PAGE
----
Students gathered in Schapiro for the Forum event on athletic recruitment, moderated by representatives from ThinkerAnalytix. Annie Lu/THE WILLIAMS RECORD
The Williams Forum hosted a conversation on Friday regarding athletic recruitment at the College. The Forum, a registered student organization, facilitates discussions on political issues in an effort to expand discourse that looks beyond the College.
In recent months, a number of op-eds published in the Record regarding athletic recruitment have garnered controversy across campus. The catalyst, an op-ed by Katherine Hatfield ’22 entitled “Let’s lose the Directors’ Cup: A call to end athletic recruitment,” argued against recruitment on the basis that it compromises the diversity and academic achievement of the College. In response, other students defended the presence of recruited athletes or pointed to deeper issues at play in the demographics of the College.
The Forum event was moderated by representatives from a Cambridge, Mass.-based educational non-profit, ThinkerAnalytix, which works in partnership with classroom teachers and Harvard’s department of philosophy to teach students logic and reasoning. Anne Sanderson ’84, Executive Director of ThinkerAnalytix, introduced the organization, while content developer and instructor Nate Otey led the discussion.
Approximately 55 students attended the event in Schapiro 129, nearly half of whom identified themselves as recruited athletes. The event consisted of questions and observations from Otey, followed by voluntary input from various voices in the audience. Hatfield was present and responded to questions from other attendees.
While a majority of the opinions that students expressed at the event tended towards a defense of athletic recruitment, some also said that the recruitment process could be toxic and a possible detriment to campus culture. Many students also relayed experiences of “imposter syndrome,” both in and out of athletics, which was initially raised by Lindsay Avant ’21 in one of the response op-eds, “#whyd3: In defense of athletic recruitment.”
During the discussion, Otey listed factors on the blackboard that participants deemed relevant to the admissions process. He emphasized various personal identifiers that students perceived as factors that the admissions office favors.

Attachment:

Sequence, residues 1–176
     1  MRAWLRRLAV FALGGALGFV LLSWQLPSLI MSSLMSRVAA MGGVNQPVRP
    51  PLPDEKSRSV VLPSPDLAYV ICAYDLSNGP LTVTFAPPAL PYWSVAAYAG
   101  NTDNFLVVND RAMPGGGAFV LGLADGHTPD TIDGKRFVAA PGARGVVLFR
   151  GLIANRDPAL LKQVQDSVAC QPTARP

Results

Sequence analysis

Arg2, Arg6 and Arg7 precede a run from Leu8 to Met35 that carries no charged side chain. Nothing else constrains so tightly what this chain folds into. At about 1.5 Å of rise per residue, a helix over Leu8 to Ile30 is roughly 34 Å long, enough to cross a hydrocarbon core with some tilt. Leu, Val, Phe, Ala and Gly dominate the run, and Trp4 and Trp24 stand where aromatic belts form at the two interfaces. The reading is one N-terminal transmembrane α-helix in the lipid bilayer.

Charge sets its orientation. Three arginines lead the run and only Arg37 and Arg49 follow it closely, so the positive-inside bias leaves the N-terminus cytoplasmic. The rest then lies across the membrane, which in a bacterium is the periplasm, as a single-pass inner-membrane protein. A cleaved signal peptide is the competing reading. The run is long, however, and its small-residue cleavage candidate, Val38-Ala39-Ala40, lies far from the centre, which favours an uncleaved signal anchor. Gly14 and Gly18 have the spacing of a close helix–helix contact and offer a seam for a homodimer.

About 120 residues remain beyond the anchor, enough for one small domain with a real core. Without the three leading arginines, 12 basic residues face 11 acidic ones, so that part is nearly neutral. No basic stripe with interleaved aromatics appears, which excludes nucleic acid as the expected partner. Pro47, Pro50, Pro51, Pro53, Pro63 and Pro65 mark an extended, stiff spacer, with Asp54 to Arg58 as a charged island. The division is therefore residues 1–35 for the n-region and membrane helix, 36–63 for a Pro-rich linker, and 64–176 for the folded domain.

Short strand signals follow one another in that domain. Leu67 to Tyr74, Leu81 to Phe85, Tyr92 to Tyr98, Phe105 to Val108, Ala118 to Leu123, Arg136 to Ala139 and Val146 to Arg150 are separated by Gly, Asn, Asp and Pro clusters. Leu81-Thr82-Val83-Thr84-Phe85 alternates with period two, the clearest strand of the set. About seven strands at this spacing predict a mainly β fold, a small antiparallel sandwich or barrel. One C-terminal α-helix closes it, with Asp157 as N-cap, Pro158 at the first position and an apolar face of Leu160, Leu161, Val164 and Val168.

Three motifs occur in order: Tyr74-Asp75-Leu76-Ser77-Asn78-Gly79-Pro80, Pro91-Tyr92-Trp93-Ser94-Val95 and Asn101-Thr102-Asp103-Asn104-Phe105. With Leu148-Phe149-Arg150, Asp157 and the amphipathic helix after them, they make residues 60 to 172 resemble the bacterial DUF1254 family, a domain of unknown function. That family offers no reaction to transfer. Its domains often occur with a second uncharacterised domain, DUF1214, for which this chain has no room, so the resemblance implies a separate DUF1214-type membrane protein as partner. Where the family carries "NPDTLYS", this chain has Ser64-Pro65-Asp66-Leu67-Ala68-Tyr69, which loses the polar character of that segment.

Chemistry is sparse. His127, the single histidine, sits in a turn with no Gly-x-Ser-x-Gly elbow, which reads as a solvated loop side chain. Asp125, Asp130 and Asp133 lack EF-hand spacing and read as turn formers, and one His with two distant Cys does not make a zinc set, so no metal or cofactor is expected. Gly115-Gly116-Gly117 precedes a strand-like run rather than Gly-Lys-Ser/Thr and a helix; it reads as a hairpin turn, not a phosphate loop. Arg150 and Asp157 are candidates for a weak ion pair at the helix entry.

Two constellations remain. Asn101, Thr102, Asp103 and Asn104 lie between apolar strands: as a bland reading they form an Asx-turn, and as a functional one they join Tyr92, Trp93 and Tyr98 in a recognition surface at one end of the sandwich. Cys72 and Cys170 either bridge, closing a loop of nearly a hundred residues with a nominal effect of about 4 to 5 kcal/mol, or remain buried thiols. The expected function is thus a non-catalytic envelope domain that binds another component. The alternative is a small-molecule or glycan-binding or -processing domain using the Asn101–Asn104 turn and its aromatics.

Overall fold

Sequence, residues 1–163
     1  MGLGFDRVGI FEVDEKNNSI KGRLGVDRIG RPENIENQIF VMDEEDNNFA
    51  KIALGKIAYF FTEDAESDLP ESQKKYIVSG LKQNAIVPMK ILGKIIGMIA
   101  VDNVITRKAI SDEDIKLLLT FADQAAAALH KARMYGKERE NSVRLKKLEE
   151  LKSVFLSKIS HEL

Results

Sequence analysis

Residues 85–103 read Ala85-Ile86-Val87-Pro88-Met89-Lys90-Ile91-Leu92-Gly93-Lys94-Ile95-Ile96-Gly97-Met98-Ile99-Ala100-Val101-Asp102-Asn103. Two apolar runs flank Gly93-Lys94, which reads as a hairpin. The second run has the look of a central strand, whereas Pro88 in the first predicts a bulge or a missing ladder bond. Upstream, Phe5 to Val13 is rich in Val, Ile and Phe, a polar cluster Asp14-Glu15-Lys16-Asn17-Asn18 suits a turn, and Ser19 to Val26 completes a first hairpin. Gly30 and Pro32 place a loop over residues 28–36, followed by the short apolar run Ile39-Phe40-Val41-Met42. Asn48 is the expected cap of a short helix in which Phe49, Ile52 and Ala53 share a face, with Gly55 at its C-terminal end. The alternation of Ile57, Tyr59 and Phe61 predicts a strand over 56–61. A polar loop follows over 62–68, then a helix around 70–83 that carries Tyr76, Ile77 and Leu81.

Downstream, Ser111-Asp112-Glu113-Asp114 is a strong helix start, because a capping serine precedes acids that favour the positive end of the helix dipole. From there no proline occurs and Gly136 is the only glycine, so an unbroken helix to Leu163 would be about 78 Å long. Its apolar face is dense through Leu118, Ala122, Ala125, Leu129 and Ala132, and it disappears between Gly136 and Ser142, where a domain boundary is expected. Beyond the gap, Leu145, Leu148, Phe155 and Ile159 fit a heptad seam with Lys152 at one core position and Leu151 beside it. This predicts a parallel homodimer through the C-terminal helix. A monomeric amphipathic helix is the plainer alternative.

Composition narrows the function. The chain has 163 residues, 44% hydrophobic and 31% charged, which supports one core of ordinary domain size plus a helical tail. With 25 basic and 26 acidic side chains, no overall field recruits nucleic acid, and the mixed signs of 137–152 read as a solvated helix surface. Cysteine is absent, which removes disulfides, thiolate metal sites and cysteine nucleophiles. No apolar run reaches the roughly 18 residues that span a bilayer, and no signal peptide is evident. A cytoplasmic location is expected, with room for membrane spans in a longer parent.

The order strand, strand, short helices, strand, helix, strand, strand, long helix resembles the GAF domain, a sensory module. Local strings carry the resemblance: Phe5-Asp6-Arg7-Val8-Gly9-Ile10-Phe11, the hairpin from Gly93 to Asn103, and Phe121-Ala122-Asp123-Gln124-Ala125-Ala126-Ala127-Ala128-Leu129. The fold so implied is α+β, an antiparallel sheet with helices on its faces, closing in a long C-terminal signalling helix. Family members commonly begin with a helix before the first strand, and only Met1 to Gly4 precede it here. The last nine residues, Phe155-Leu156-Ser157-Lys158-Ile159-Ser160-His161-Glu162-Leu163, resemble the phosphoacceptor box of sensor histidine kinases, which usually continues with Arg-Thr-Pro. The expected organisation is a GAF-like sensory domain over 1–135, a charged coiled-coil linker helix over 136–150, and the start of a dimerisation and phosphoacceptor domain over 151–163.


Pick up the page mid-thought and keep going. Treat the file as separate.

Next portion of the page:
Following a briefing and discussion on the initial op-ed and “#whyd3,” the ThinkerAnalytix representatives passed out diagrams for students to work on in small groups. The diagrams, designed by recent ThinkerAnalytix intern Blain Solomon ’22, consisted of a blank argument map and smaller slips of paper containing the corresponding claims and justifications. Students were asked to identify the main claim and place it at the top, then fit the remaining slips into the correct spaces so that each statement justified the one above it. The resulting maps, one for Hatfield’s op-ed and one for Avant’s response, outlined the logical structure of their arguments. The remainder of the conversation centered on the potential economic and cultural implications of athletic recruitment.
Forum co-Presidents Davey Morse ’22 and Emma Neil ’22 took over the club’s leadership earlier this school year and are working toward providing a space on campus for students who wish to have productive discourse about topical issues. While the Forum formerly took on the role of a traditional political club — inviting speakers and hosting debates — Morse and Neil said they hope to stimulate engaging conversations and address topics that have greater relevance to the immediate College community.
“We’re trying to move away from just solely national political things to things that are relevant to kids here,” Morse said. “If national politics is what people are talking about, then we’ll have our meetings about that. If it’s about campus issues, we think that’s a necessary and important lesson, too.”
Previous topics have included the drinking age and projections for the seventh Democratic debate, among others.
Morse said he was pleasantly surprised by the high turnout, given that typical Forum events attract 30 students at most, and attributed its popularity to the pertinence of the subject. “We knew a lot of people were reading those op-eds and talking about it, but it seemed like it was happening within friend groups more than across them, which is sort of where we tried to step in,” he said.